State increases penalty for hit-and-run crashes
A new law will increase the consequences for hit-and-run crashes starting in 2018, though some feel the laws are still too lenient.
Under the new law, the Colorado Department of Revenue, Division of Motor Vehicles can suspend the license of any person involved in an accident resulting in serious bodily injury or death who failed to immediately stop or return to the scene of the accident.
Grand County doesn’t have an inordinate number of hit-and-run crashes, and statistically most of them take place in parking lots with unattended cars, according to Lt. Dan Mayer of the Grand County Sheriff’s Department. The lack of major roadways in the county also makes it relatively easy for law enforcement officials to catch drivers who flee from crashes.
“We usually catch a lot of them because they don’t have very many places to go,” Mayer said. “If it happens on the highway, they have to keep heading down the highway where we can catch them.”
Hit-and-run crashes can still be troublesome for residents in the county, however, and Mayer believes that the penalty should continue to increase.
“People know that their licenses can be suspended for losing points,” said Mayer. “So you aren’t really doing much with the law by just suspending licenses. They should do more, because with accidents involving serious bodily injury and fatal accidents, they haven’t really increased the penalty.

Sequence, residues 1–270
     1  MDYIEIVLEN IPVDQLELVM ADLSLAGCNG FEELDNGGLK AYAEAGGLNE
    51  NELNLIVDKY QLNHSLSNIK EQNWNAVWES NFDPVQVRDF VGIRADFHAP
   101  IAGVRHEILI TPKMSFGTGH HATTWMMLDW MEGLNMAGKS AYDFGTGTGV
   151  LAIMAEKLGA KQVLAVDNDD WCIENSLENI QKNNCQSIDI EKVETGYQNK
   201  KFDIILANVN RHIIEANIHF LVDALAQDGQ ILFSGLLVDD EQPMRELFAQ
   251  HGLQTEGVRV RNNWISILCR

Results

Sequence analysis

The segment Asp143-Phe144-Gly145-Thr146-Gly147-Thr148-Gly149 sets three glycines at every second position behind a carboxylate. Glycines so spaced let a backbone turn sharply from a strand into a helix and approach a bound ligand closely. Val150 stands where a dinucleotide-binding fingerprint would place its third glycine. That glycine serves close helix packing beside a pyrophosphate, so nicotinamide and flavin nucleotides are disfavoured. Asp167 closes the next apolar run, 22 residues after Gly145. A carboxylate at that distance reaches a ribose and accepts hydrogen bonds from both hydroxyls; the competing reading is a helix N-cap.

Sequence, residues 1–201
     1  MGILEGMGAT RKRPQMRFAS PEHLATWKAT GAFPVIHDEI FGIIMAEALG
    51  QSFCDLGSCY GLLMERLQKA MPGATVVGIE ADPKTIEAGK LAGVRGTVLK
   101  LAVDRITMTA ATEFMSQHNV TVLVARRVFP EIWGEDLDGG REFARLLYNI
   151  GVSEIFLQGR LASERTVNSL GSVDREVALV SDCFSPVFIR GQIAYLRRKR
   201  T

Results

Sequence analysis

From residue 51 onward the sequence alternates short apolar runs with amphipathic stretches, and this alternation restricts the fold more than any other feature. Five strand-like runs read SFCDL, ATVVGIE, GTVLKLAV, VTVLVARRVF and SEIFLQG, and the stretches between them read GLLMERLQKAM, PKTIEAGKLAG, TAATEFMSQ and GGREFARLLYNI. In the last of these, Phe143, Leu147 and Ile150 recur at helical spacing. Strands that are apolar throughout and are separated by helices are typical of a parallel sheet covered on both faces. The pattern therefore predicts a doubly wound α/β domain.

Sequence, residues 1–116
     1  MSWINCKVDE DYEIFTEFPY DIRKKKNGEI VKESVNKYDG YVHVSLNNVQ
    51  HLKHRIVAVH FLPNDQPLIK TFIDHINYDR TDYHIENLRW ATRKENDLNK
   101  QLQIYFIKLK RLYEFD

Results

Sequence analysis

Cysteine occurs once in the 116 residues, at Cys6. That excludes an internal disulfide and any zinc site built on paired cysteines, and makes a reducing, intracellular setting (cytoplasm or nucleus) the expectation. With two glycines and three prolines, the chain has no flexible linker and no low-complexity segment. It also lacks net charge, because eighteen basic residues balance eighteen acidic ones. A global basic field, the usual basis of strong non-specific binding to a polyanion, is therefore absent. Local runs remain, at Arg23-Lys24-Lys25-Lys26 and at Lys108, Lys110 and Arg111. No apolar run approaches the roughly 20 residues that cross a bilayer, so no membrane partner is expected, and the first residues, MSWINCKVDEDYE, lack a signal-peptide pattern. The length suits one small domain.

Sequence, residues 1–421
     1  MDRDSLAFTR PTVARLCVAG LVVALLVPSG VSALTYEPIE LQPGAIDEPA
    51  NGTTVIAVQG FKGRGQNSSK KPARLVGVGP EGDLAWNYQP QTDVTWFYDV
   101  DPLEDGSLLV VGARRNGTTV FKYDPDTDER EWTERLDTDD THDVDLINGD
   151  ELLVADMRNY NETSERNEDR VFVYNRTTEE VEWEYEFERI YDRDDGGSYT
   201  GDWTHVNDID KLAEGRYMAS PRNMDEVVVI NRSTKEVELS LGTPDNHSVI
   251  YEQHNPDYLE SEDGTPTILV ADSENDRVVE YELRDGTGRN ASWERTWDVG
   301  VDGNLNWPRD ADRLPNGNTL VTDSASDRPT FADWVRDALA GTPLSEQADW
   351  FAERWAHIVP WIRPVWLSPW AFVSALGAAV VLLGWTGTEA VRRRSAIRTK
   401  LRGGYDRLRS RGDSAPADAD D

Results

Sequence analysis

“The thing that bothers me on hit and runs is you could be out away from everything when somebody is injured, and every minute getting help to them is important. If the only person to witness the accident has left, and somebody doesn’t have the ability to call us, they’re really putting somebody’s life in danger.”
Once law enforcement officers determine that a driver has violated this law, they may immediately serve a notice of suspension to the driver and confiscate their driver’s license. At that point the driver has seven days to request a hearing with the department of revenue, otherwise the suspension will be upheld. In addition to the license suspension, leaving the scene of an accident involving serious bodily injury is a class four felony, and a class three felony if there is a fatality.
Drivers involved in an accident are required by law to stop as close to the scene as possible, or immediately return to the scene, to provide their name, address and their vehicle’s registration number to an occupant of the other car or law enforcement officials. Individuals are also required to give assistance to an injured person when reasonable, and to notify medical and law enforcement officials.
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Diane Howell, 77, only leaves her house right now for errands and essentials. As part of the age group considered most vulnerable to COVID-19, she’s felt isolated as she avoids most social interactions.